I think we have all been wronged if we have lived long enough in this world. I know I have. I know I have wronged others. Where does our teaching Christians about forgiveness begin? It has to begin with the Christian concept of grace. I had a tough counselor a few years back. He was a Masters Seminary man. He asked me if I had been wronged or trespassed by humans to the extent and degree that I had wronged my heavenly Father over the course of my life. Then he asked me to justify withholding forgiveness from others in light of God’s own forgiveness toward me. Then he asked me to consider the cost of that forgiveness. I was hemmed in on all sides with NO EXCUSE whatsoever to withhold forgiveness. My heart was smitten over my sinful and ARROGANT attitude. I got it. I have taken that lesson with me to this very day. God put me through the wringer and I learned a beautiful lesson about true forgiveness. I also learned how to suffer better, something all Christians ought to learn sooner than later. I learned that I was created by God FOR God. My only concern is to glorify God according to his Word in every single situation I find myself. Those are two very valuable lessons. But someone had to bruise me, an already bruised man in order to help me see God’s goodness and my own wicked pride and arrogant attitude. Who is going to lovingly bruise our Christian brothers that suffer from racial maltreatment? Who will stand up and help them take up Christ’s attitude? That will take real courage. Anyone can join the band wagon. I am not interested in external, shallow political or cultural shifts. I am interested in real heart change. I am interested in genuinely loving my brothers enough to speak the truth into their lives. I am interested in the sanctification of my brothers just as I am interested in pleasing my God. And if my being “white” is a problem for them, then that only proves my point even more.
Dave Miller writes,
“We might do better to DEMONSTRATE our love and concern for the black community rather than lecturing them about their flaws in forgiveness.”
We DO demonstrate love for our black Christians and brothers in Christ when we help them see sin in their own life. To allow race to get in the way of loving our brothers the way we should is itself racism. It is saying this: well, because you are white, like me, I will rebuke you or correct you in love because I love you and I want God’s best for you. But I will not do the same for my black brothers and sisters because, well, you know, the race thing. Is this the sort of behavior we want from leaders? From Christians? I don’t think it is. I could care less what color you are. If I see hate in your attitude, I am going to remind you of that obscure THEME in John regardless of your race:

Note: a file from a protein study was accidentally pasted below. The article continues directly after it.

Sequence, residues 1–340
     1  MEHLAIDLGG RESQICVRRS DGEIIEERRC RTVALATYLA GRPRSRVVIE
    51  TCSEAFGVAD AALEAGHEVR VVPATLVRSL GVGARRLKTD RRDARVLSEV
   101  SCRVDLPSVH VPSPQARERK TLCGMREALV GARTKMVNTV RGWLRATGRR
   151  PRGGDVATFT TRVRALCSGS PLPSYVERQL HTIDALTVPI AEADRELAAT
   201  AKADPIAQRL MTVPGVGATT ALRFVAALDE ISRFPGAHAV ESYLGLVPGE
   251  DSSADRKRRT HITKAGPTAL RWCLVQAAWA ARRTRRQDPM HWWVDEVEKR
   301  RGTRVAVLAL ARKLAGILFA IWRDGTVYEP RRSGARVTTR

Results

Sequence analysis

- 9 Whoever says he is in the light and hates his brother is still in darkness. 10 Whoever loves his brother abides in the light, and in him there is no cause for stumbling. 11 But whoever hates his brother is in the darkness and walks in the darkness, and does not know where he is going, because the darkness has blinded his eyes. 1 Jn 2:9–11.
I think a case can be made that anyone who deliberately withholds the truth, God’s truth, from his brother who desperately needs it, hates his brother in that instant. Are we saying to the former racist whose sins are now forgiven him because of Christ, NOT SO FAST MR! You have some penance to pay. Christ may have released your transgression, your debt, but you still have ME to deal with. And if you want to be known as a true Christian, you will have to meet MY standards as well! Is that the sort of attitude we are unwittingly promoting, endorsing, or refusing to rebuke and correct? Really?
I hope some of you read this and see how this conversation is uncovering attitudes and thinking that are misguided and seriously diverge from Scripture. I hope you begin with a high view of grace, that you recognize the seriousness of the sin of unforgiveness, and that you also are connecting the dots of my main concerns on this subject.
I do not intend to be overly polemical or sharp. However, I do believe the real spiritual need is behind the curtain and it seems to me that most people are not talking about it. At least it is on the table at this point. I hope we can push forward and advance the conversation to a more substantive place.